- Flat anvil – The first impact is tested at 7.75 meters per second, and other effects and heights are determined as per the head form after that.
- Edge anvil – It involves a single impact at 7.75 m/sec.
- Hemispherical anvil – This test is similar to that of the Flat anvil.
However, in each of these cases, the recorded shock must not cross the threshold of G level.
- M2020R: M2020R includes the safety checks mentioned below –
- Flat anvil – Single impact at 8.2 meters per second.
- Hemispherical anvil – First impact at 7.70 meters per second and others mentioned in the test head form.
- Edge anvil – Single impact at 7.75 meters per second.
In all these tests, the recorded shock must not be more than the G level, and HIC should be less than 2880.
Snell-approved motorcycle helmets follow safety standards inspired by racetracks, and various checks involved ensure stability and ease of removal in case of an emergency.
For example, experts at Snell check the weakest points in a helmet like a visor snap, mechanical hinge and do not approve it until they assure its energy management efficiency.
SHARP – Safety Helmet Assessment and Rating Program
A new face in the safety game, Safety Helmet Assessment and Rating Program is the only organisation that works beyond the pass and fail. It provides helmets with a star rating based on impact point and energy level checks.
Each rating refers to the impact levels and energy management efficiency. Instead, it acts as an impact rating enhancement of ECE 22.05 (European standards for safety and applicable in more than 50 countries in Europe). Therefore, if you come across a SHARP helmet, it means it has already passed the ECE standards.
The methods used by SHARP to test helmets are similar to that of the ECE 22.05 method by further adding a higher and lower velocity of a strike to the mix. In addition, by using the European Crash data, SHARP calculates a colour-coding safety rating for different helmet areas.
SHARP helmets come with a rating from one to five. Here, a 5-star SHARP helmet points to the highest safety and offers superior levels of protection. In addition, SHARP conducts a thorough impact test and post-impact test to locate the weak points.
ECE – Economic Commission of Europe
ECE-approved helmets go through comprehensive testing and are considered compliant with the most updated and advanced standards.
ECE follows a rigorous process wherein it utilises safety-related methods of both DOT and Snell along with a few other testing processes. For example, experts check the quality of a face shield, shell rigidity, etc.
In addition, these ECE-rated helmets are tested in independent labs before being released in the market.
ECE-certified helmets pass the following checks –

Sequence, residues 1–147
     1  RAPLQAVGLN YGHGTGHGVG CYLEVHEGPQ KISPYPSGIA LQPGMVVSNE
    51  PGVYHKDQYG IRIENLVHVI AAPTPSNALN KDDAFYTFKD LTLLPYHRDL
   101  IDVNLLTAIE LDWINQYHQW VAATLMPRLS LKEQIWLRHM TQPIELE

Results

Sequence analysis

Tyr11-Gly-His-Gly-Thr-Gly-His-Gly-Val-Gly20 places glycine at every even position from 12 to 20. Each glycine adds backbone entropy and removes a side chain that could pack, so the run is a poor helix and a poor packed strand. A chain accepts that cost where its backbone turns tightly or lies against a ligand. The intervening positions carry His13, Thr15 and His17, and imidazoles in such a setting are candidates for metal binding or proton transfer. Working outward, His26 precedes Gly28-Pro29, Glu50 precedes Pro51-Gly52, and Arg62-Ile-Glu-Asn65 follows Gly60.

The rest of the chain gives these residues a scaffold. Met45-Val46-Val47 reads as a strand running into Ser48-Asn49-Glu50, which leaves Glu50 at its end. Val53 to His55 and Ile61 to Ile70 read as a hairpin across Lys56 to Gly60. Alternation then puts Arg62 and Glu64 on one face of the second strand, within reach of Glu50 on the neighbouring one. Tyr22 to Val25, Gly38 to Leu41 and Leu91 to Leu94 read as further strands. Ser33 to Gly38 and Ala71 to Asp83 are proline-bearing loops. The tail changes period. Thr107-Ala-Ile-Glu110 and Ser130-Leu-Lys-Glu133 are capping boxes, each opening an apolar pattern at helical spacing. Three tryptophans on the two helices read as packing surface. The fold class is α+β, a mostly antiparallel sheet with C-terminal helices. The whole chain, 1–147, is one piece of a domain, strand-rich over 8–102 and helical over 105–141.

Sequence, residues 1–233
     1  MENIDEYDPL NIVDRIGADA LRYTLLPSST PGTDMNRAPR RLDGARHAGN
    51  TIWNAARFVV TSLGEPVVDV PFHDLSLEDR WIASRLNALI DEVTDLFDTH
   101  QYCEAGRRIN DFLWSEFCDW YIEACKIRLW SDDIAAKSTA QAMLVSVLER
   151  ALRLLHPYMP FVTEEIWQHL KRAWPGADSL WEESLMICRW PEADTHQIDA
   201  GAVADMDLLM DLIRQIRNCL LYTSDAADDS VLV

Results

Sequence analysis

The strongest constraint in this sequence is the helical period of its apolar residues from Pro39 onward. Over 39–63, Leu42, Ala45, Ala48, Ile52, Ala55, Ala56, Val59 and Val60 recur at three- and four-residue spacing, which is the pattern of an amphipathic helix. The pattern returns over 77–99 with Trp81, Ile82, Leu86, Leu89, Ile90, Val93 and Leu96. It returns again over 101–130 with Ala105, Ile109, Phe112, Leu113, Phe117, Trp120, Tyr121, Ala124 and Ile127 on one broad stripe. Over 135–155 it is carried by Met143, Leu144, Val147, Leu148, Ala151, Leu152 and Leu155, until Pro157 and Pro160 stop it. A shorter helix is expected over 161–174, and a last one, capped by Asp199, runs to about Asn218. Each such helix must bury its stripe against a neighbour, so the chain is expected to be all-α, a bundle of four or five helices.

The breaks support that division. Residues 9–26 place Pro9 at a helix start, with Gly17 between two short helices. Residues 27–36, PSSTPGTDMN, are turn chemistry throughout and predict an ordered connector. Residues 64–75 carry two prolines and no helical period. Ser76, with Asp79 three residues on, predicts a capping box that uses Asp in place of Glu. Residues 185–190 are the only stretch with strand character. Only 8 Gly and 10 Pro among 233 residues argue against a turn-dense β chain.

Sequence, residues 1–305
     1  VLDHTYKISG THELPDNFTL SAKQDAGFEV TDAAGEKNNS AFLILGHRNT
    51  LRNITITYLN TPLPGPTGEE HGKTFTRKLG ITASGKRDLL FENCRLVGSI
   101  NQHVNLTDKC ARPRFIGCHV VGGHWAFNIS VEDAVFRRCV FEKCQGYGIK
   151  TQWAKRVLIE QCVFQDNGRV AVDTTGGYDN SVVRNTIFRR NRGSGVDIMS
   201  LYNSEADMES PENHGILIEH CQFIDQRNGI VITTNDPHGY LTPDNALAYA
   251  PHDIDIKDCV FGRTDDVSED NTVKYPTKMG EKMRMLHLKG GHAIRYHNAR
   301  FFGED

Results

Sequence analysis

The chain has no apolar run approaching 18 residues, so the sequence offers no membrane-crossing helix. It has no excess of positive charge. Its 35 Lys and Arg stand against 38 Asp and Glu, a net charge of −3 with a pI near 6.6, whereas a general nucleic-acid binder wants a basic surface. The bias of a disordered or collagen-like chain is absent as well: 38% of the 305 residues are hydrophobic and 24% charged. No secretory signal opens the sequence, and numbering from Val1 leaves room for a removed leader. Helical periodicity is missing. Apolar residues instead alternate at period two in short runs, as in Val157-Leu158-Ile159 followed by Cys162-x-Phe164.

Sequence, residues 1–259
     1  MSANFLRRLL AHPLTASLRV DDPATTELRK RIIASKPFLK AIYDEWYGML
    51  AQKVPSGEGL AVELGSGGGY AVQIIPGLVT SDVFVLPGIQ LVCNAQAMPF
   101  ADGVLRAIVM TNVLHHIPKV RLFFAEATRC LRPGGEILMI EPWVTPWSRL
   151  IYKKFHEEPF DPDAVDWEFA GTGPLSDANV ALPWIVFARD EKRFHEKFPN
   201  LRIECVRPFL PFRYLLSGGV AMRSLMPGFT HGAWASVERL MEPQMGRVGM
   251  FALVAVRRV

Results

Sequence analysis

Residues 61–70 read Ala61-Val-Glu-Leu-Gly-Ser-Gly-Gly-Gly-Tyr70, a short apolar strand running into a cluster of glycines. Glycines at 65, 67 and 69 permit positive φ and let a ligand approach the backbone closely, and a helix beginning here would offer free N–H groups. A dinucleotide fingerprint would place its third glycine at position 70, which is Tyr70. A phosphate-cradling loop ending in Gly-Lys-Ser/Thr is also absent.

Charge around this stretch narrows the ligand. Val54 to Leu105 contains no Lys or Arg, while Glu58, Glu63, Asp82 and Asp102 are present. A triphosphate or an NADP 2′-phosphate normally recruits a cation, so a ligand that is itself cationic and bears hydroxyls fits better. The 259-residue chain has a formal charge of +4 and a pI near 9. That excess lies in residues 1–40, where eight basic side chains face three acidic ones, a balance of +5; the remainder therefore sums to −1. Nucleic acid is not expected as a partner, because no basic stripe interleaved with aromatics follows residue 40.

- Impact test – It is done using a smooth anvil (known as curbstone) and through a single stroke at a certain portion of the helmet.
- Abrasion resistance – Abrasion resistance is checked.
- Chinstrap test – The chinstrap is checked for slippage. Also, the material is tested for tension failure at over approximately 304kg of force.
- Deformation test – To check the force/energy a helmet can withstand without getting deformed, a deformation test is conducted under a weight of nearly 68kg.
To get an ECE helmet certification, headgear producers have to deliver 50 factory versions of helmets for independent testing.
This testing is conducted in third-party labs in front of both helmet manufacturers and ECE experts to maintain authenticity.
ISI – Indian Standards Institute
In India, ISI certified helmets (IS: 4151) were first released and enforced in 1993. The methods for safety testing under ISI are set to align with ECE standards.
Although the measures followed by ISI are similar to that of ECE-certified helmets, it does not involve testing helmets (by BIS) as is the case with the latter.
ISI testing includes spot checks to ensure the helmet manufacturers abide by the standards and are eligible for the renewable ISI mark license.
Choosing the right headgear involves a lot of consideration, and considering the motorbike safety ratings is surely one of them. Safety features and the fit, finish, design, ease of use, weight, visibility are all factors.
Since the helmet certification and ratings we discussed are devised in different countries following varying government guidelines, all of them have advantages as well as drawbacks.
However, making an informed decision while buying your next headgear will not be an issue anymore with this comprehensive guide.
Consider the best motorcycle helmet safety rating when buying your next headgear and ride safely!